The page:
If you're seeing this message, it means we're having trouble loading external resources on our website.

If you're behind a web filter, please make sure that the domains *.kastatic.org and *.kasandbox.org are unblocked.

Main content
SAP‑2 (EU)
SAP‑2.A (LO)
SAP‑2.A.2 (EK)
SAP‑2.A.3 (EK)

Video transcript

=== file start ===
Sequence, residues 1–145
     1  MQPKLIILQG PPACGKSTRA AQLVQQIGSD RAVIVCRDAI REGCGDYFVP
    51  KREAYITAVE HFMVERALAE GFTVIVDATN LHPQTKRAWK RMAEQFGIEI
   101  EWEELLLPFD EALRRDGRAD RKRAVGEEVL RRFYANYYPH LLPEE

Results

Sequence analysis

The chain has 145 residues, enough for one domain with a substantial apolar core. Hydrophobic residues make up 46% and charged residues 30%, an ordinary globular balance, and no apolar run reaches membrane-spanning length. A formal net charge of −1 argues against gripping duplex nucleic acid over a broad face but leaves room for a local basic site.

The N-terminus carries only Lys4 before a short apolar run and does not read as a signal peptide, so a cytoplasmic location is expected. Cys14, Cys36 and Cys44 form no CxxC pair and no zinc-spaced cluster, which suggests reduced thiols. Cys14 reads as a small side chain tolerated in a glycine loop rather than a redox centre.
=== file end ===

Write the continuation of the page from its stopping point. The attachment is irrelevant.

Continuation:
In this video, we're going to look at atomic and ionic radii. And first, we'll start with the atomic radius. So if you think about an atom as a sphere, the idea of atomic radius is simple. You would just take this as a sphere here, and then a sphere of course would have fixed and defined radius. And so that would be one way of thinking about it. The problem is that an atom doesn't really have a fixed, defined radius like this sphere example, because there's a nucleus and then there's this electron cloud, or this probability of finding your electron. So there's no real, clear defined boundary there, and so it's difficult to have a fixed and defined radius. So what chemists do is they take two identical atoms. So let's say these are two atoms bonded together, the same element. And if you find their nuclei-- so let's say that that's their nuclei here-- and you measure the distance between those two nuclei, so this would be our distance d between our two nuclei. If you take half of that distance, that would be a good approximation of the atomic radius of one of those atoms. And so that's the idea behind the definition of atomic radius. Let's look at the trends for atomic radius, and first we'll start with group trends. And so here we have two elements found in group one, so hydrogen and lithium. And let's go ahead and sketch out the atoms first. And so we start with hydrogen, which has atomic number of 1, which means that it has one proton in the nucleus. So here's our nucleus for hydrogen, so one proton. In a neutral atom, the number of protons equals the number of electrons, and so therefore there must be one electron. So go ahead and sketch in our electron here. And we'll make things really simple and just show this simple version of the atom, even though we know it doesn't really exactly look like this. And when we do lithium, atomic number of 3, so that means three protons in the nucleus of lithium. So this is representative of lithium's nucleus with three protons and three electrons. Two of those electrons are in the inner shell. So let me go ahead and show two of lithium's electrons in the inner shell, so that would be in the first energy level. And then we would need to account for one more, so lithium's third electron is in the second energy level or at the outer shell in this example. And so here we have our two atoms. And you can see as you go down a group, you're going to get an increase in the atomic radius. And that's because as you go down a group, you're adding electrons in higher energy levels that are farther away. So in this case, we added this electron to a higher energy level which is farther away from the nucleus, which means that the atoms of course would get larger and larger. So you're adding more stuff to it, so it's kind of a simple idea. Let's look at period trends next. As you're going across a period this way, so as you're going this way, you're actually going to get a decrease in the atomic radius. And let's see if we can figure out why by once again drawing some simple pictures of our atoms. And so lithium with atomic number of 3, so we've already talked about that. So there are three protons in the nucleus of lithium. So I'm going to go ahead and write that in here. So 3 positive charge for the nucleus of lithium. And we have to account for the three electrons. So once again two of those electrons were in an inner shell, so there we go, and then we had one electron in an outer shell, so the picture is something like this. Now, let's think about what's going to happen to that outer electron as a result of where it is. So this outer electron, this one right here in magenta, would be pulled closer to the nucleus. The nucleus is positively charged, that electron is negatively charged, and so the positively charged nucleus is going to pull that electron in closer to it. At the same time, those negatively charged inner shell electrons are going to repel it. So let me go ahead and highlight these guys right here. These are our inner shell electrons. Like charges repel. And so you could think about this electron right here wanting to push this outer electron that way, and this electron wanting to push this electron that way. And so the nucleus attracts a negative charge, and the inner shell electrons repel the outer electron. And then we call this shielding, because the inner shell electrons are shielding that magenta electron from the pole of the nucleus. So this is called electronic shielding or electron screening. Now, it's going to be important concepts. So now let's go ahead and draw the atom for beryllium, so atomic number 4. And so here's our nucleus for beryllium. With an atomic number of 4, that means there are four protons in the nucleus, so a charge of four plus in our nucleus. And we have four electrons to worry about this time, so I'll go ahead and put in the two electrons in my inner orbital in our first energy level. And then we have two electrons in our outer orbital, or our second energy level. And so again, this is just a rough approximation for an idea of what beryllium might look like. And so when we think about what's happening, we're moving from a charge of 3 plus with lithium to a charge of 4 plus with beryllium. And the more positive your charges, the more it's going to attract those outer electrons. And when you think about the idea of electron screening, so once again we have these electrons in green here shielding our outer shell electrons from the effect of that positively charged nucleus. Now, you might think that outer shell electrons could shield, too. So you might think that oh, this electron right here in magenta could shield the other electron in magenta. But the problem is they're both at pretty much the same distance from the nucleus, so outer shell electrons don't really shield each other. It's more of these inner shell electrons. And because you have the same number of inner shell electrons shielding as in the lithium example-- so let me go ahead and highlight those again. So we have two inner shell electrons shielding a beryllium. We also have two inner shell electrons shielding in lithium. Because you have the same number of shielding but you have a higher positive charge, those outer electrons are going to feel more of a pull from the nucleus. And they're going to be pulled in even tighter than you might imagine, or at least tighter than our previous example. So these electrons are pulled in even more. And because of that, you're going to get the beryllium atom as being smaller than the lithium atom, hence the trend. Hence as you go across the period, you're always going to increase in the number of protons and that increased whole is going to pull those outer electrons in closer, therefore decreasing the size of the atom. All right. Let's look at ionic radius now. And ionic radius can be kind of complicated depending on what chemistry you are involved in. So this is going to be just a real simple version. If I took a neutral lithium atom again, so lithium-- so we've drawn this several times. Let me go ahead and draw it once more. So we have our lithium nucleus, which we have three electrons. So once again I'll go ahead and sketch in our three electrons real fast. Two electrons in the inner shell, and one electron in the outer shell like that. And let's say you were going to form a cation, so we are going to take away an electron from our neutral atom. So we have-- let me go ahead and draw this in here-- we had a three protons in the nucleus and three electrons those cancel each other out to be a neutral atom. And if we were to take away one of those electrons, so let's go ahead and show lithium losing an electron. So if lithium loses an electron, it's going to lose that outer electron. So the nucleus still has a plus 3 charge, because it has three protons in it. And we still have our two inner shell electrons like that, but we took away that outer shell electron. So we took away this electron in magenta, so let me go ahead and label this. So we lost an electron, so that's this electron right here, and so you could just show it over here like that. And by doing so, now we have three positive charges in our nucleus and only two electrons. And so therefore our lithium gets a plus 1 charge. So it's Li plus, it's a cation. And so we formed a cation, which is smaller than the neutral atom itself. And that just makes intuitive sense. If you take away this outer electron, now you have three positive charges in the nucleus and only two electrons here. So it's pulling those electrons in, you lost that outer electron, it's getting smaller. And so the cation is smaller than the neutralize atom. And so we've seen that neutral atoms will shrink when you convert them to cations, so it kind of makes sense that if you take a neutral atom and add an electron, it's going to get larger. And so that's our next concept here. So if we took something like chlorine, so a neutral chlorine atom, and we added an electron to chlorine, that would give it a negative charge. So we would get chlorine with a negative charge, or the chloride anion, I should say. And so in terms of sizes, let's go ahead and draw a representative atom here. So if this is our neutral chlorine atom and we add an electron to it, it actually gets a lot bigger. So the anion is bigger than the neutral atom. And let's see if we can think about why here. So if we were to draw an electron configuration, or to write a noble gas electron configuration for the neutral chlorine-- so you should already know how to do this-- you would just write your noble gas in brackets. So neon and then 3s2, 3p5, so seven electrons in the outer shell for the neutral chlorine atom. For the chloride anion, you would start off the same way. You would say neon in brackets, 3s2. And you'd be adding an electron to it. So it wouldn't be 3p5, it would be 3p6 like that. And so now we would have so this would give us eight electrons in our outer shell, and this would give us only seven electrons in our outer shell. Now, the explanation for the larger size of the chloride anion in most textbooks is, you'll see people say that the addition of this extra electron here, so that means that those electrons are going to repel each other more. You have eight of them instead of seven, and so because they repel each other more, it gets a little bit bigger. And that makes sense, but you'll see some people disagree with that explanation, and I haven't really seen a great alternative offered. And so however you want to think about it, generally the anion is larger than the neutral atom. But in terms of the explanation for that, you could think about it as electrons are repelling each other if you wanted to, despite the fact that people disagree with that. You could think about just more stuff as a really simple way of thinking about it. But again, in general for exams, think about the anion being larger.